Earlier this year (April 2014) as a member of the Western Australian Fibre and Textile Association (www.wafta.com.au) I had the chance to learn Judy Dominic’s version of bogolanfini. Participants in the workshops brought mud to share from the breadth of WA, including Broome (very red) Kalgoorlie and further east (more yellow) and Denmark and beyond (black, from someone’s dam).
Judy gave us tips and methods for fixing the colours of the mud immediately and they worked. However, she also encouraged us to think about applying some patience, as the traditional African practitioners do, and just waiting a few months before we washed our fabrics out to see how well the pigments in our mud fixed to the cloth. The specific time mentioned was six months.
So today when I was looking for something else I found my samples of cotton cloth with its mud still on it. Seemed like a good time to wash it. Took a before photo then popped it into the washing machine without any detergent and washed it for 30 minutes. Ironed it dry.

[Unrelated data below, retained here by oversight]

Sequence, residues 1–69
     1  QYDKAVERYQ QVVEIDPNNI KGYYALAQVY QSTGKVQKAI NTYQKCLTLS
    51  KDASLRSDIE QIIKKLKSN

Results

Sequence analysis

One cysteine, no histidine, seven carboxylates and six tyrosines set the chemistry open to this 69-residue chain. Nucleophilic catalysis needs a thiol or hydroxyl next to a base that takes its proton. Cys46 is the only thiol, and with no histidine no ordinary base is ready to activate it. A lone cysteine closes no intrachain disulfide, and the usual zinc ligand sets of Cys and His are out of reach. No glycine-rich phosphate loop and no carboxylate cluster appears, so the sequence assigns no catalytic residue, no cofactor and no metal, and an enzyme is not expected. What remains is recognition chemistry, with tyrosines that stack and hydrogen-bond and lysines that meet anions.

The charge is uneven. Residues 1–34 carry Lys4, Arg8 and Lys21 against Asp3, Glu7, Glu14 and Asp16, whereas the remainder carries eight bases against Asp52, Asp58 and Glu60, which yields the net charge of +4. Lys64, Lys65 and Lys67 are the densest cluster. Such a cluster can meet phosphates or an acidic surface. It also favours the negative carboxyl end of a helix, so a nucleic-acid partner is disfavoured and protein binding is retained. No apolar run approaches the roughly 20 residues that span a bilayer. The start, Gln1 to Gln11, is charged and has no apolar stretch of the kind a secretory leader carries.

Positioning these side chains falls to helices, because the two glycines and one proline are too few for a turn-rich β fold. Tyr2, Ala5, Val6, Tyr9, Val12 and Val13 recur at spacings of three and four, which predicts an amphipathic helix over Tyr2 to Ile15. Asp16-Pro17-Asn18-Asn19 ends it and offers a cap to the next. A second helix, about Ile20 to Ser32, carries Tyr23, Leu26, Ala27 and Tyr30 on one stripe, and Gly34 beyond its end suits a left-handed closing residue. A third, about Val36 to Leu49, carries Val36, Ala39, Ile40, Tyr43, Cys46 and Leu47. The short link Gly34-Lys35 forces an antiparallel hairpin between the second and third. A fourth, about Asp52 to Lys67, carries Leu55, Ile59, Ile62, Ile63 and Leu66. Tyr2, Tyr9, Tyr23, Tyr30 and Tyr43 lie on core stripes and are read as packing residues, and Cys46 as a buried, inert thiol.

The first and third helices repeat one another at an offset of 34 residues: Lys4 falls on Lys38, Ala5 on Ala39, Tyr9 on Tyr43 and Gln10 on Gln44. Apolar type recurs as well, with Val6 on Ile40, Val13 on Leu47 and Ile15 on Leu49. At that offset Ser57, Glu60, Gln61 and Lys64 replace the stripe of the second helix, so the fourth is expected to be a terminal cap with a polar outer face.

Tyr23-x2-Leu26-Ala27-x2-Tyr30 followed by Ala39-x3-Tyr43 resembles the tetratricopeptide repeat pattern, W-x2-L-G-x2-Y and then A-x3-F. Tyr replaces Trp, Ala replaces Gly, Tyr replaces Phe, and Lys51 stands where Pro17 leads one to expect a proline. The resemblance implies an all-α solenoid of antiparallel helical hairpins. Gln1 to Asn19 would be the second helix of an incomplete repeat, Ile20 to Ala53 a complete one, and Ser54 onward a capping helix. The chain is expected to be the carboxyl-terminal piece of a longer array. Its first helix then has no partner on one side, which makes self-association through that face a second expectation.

The washed pieces are clearly lighter but I like them. They feel soft and look subtle. The other interesting difference between these pieces and those I washed immediately six months ago without treating them with any fixative is that these pieces didn’t have colour bleeding into the background. It has remained quite white.
I love that this exercise has captured Western Australia’s colours in a unique way. I don’t know what I’ll do with these fabrics but something will suggest itself! In the meantime the workshop added to my repertoire of natural dyeing techniques.
I love them! So wish I had have been here to do that workshop too! Will be interested to see them in the flesh!